Overview of Modelling
Traffic and transportation and modelling is a core specialization of TIMCON Associates.
As transportation systems become more complex, advanced approaches are required to assist in the analysis and finding solutions to the engineering challenges. Both analytical and numerical approaches are used in transportation modelling.
Transportation models are needed to analyse complex real life problems due to their cost, safety, flexibility and reproducibility benefits. Models are used in scenario analysis to quickly answer “what ifs” questions which may arise. The models rely on the use of statistical descriptors to define the characteristics of various inputs which may include traffic data, roadway data, demographic information and vehicle data. The model analyses and provides outputs of the system performance. The models are either deterministic relying on formulae to provide the same outputs so long the inputs are the same. Others are Monte Carlo simulation models that use random numbers to assess system variability of stochastic processes such as traffic flows.
Transportation models generally fall into three categories:
- Demand forecasting models that use population and employment data to estimate future traffic demands in transportation networks;
- Micro simulation models that use detailed traffic and network data to calculate the system performance in terms of traffic operations and level of service; and
- Traffic operational analysis models that rely on formulae to calculate detailed intersection level of service, volume to capacity ratios as well as queues and delays.
The characteristic and examples of each modelling regime is presented in the diagram below:
Micro-simulation modelling is a core expertise and service of TIMCON. Principals of TIMCON have extensive experience and postgraduate training in modelling and are recognised as experts with numerous publications and conference papers in this area. TIMCON has successfully used Paramics, AIMSUN and VISSIM Micro-simulation models on various recent studies.
Traffic micro-simulation models realistically model individual vehicles on detailed networks. Vehicles are followed from entry into the network up to exit points and their status recalculated periodically. Various models including car following, gap acceptance and lane change rules are applied to control vehicular behavior. Results are obtained as an aggregate for all vehicles in the system considered. Microsimulation models require detailed network, intersection control and vehicles characteristics data.
The greatest advantage of micro-simulation is its ability to model congested road networks because it can accurately simulate queuing conditions. Consequently, micro-simulation models continue to provide results at high degrees of saturation up to absolute gridlock conditions. This capability makes these type of models very useful to analyse traffic operations in urban areas and city centers, including interchanges, roundabouts, unsignalized and signalized intersections, signal coordinated corridors, and area networks. Micro-simulation is able to reflect relatively small changes in the physical road environment such as the narrowing of lanes or the relocation of intersection stop lines.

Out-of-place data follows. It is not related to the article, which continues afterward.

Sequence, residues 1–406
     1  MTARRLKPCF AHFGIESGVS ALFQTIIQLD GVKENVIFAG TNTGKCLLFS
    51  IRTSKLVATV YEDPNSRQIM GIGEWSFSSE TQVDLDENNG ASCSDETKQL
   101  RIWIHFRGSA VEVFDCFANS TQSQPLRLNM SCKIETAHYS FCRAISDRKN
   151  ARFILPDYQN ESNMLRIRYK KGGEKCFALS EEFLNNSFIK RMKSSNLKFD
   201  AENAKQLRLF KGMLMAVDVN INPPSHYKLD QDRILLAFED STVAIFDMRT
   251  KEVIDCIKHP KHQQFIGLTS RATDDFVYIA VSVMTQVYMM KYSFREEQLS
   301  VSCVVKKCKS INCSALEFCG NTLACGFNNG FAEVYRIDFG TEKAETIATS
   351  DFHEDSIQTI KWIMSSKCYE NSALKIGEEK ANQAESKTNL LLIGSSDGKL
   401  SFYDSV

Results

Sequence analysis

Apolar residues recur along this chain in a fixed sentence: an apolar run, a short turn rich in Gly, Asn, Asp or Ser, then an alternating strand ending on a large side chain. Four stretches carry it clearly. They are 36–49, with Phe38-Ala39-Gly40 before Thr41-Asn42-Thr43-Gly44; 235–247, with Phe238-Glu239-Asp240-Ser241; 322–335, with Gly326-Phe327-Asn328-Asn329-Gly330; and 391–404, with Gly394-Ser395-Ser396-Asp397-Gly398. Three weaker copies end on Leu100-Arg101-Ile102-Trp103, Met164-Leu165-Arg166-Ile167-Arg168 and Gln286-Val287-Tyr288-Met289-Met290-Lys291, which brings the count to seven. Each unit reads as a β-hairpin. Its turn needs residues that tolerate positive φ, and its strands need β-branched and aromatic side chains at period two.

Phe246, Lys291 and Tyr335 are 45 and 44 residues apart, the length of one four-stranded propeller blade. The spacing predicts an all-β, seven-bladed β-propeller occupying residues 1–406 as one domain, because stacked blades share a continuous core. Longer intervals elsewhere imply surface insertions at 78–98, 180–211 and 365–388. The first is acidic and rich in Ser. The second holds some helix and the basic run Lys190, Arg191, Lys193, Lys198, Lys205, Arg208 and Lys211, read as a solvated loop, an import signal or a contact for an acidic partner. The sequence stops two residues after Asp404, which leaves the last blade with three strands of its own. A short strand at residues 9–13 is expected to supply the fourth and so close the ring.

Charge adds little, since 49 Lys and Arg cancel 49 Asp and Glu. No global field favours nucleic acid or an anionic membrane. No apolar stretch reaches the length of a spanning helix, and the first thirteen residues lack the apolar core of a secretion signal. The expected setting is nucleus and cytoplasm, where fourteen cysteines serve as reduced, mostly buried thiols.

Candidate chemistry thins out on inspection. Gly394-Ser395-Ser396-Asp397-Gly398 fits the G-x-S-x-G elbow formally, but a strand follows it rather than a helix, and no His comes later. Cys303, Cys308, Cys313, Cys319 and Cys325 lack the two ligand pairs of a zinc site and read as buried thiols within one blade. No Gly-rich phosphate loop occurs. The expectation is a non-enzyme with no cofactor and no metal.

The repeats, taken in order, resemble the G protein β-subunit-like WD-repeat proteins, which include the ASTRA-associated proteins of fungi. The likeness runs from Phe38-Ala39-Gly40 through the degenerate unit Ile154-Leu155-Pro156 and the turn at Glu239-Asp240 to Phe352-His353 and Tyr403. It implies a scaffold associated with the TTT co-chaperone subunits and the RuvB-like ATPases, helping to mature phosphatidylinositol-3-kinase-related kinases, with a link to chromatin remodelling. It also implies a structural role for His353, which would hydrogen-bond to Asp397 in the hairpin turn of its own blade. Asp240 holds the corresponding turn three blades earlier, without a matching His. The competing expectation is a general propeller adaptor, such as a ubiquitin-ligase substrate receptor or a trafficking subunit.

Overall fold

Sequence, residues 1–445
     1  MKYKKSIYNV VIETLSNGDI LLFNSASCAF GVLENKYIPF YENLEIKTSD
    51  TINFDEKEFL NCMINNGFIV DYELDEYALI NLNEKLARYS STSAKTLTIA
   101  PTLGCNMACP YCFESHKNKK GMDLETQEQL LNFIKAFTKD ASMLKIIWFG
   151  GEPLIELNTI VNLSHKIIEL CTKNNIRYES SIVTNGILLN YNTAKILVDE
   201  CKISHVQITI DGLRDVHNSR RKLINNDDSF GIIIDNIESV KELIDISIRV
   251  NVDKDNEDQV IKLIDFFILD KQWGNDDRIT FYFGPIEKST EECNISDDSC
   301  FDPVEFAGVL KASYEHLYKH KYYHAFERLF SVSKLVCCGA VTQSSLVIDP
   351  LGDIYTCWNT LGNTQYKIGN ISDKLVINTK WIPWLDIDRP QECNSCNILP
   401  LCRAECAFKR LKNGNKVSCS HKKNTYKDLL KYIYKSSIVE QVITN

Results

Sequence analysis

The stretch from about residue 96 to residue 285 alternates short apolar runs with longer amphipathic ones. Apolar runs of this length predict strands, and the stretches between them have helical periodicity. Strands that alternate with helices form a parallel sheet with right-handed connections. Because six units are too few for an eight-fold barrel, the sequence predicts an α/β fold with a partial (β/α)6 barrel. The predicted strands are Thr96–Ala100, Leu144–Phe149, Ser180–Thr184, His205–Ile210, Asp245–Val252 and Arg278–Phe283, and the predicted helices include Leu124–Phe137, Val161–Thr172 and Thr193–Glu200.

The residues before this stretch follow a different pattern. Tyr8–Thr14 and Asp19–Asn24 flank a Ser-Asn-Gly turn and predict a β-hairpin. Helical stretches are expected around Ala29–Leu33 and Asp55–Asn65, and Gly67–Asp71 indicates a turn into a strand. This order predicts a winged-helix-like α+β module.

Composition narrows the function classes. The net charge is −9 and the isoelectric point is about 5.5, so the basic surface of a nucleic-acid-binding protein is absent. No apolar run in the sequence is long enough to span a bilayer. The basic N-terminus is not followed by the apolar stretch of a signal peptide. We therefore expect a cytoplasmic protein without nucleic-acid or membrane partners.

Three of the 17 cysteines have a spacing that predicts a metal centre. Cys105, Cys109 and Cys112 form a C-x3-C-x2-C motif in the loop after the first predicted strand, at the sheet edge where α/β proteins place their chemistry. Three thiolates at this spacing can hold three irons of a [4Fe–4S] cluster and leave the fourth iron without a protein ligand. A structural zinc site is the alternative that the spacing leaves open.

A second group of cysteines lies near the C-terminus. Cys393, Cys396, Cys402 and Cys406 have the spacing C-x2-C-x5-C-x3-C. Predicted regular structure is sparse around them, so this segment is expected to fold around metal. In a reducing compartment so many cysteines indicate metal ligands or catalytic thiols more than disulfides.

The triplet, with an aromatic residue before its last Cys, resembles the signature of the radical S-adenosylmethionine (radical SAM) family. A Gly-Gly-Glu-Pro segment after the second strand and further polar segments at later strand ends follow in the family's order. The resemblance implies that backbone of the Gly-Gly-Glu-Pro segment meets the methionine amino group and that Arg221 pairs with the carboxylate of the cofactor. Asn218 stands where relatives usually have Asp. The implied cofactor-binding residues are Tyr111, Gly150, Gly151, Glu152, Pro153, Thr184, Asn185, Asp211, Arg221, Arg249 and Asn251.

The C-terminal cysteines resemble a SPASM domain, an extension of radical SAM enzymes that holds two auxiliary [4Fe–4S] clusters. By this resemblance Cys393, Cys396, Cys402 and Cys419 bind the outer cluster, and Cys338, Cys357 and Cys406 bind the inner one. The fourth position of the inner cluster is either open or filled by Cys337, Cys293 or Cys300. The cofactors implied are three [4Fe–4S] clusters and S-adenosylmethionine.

In recent years, micro-simulation modelling has gained attention in its ability to visually represent anticipated traffic behaviour through 3D animation, enabling non-professional persons such as politicians and the general public to fully appreciate the impacts of a proposed scheme.
Video clips of the some of the projects undertaken by TIMCON are available here.
Demand Forecasting (Strategic) Modelling
Demand forecasting is needed to estimate future travel patterns and hence the future traffic volumes and the network requirements needed to support the expected volumes. Demand forecasting utilizes the fundamental transportation principles and demographic data including population and employment data to estimate travel characteristics including trip generation, trip distribution, modal split and trip assignment onto the available roadway. We utilize TRANCAD, VISUM or EMME for demand forecasting analysis.
We also often conduct household surveys as part of a comprehensive demand forecasting study. These studies provide cross-sectional household data and travel characteristics in terms of the number of trips made by each member of the household and the typical origin and destination patterns. The data is usually obtained from a sample of the population and is expanded to obtain aggregate values for the entire urban centre. The information is usually coupled with specific growth allocation plans from the municipality to obtain a more accurate estimate of the future travel patterns in the jurisdiction.
Related to this is network assessment in which traffic flows through the entire urban network is assessed, taking into account roadway capacities and intersection controls such as traffic signals and stop signs and identifying problem areas that need addressing. Either micro-simulation or demand forecasting models are utilised in network assessment. Coupled with future traffic volumes from demand forecasting efforts, network assessment provides invaluable tool in identifying present and future roadway requirements for an urban network.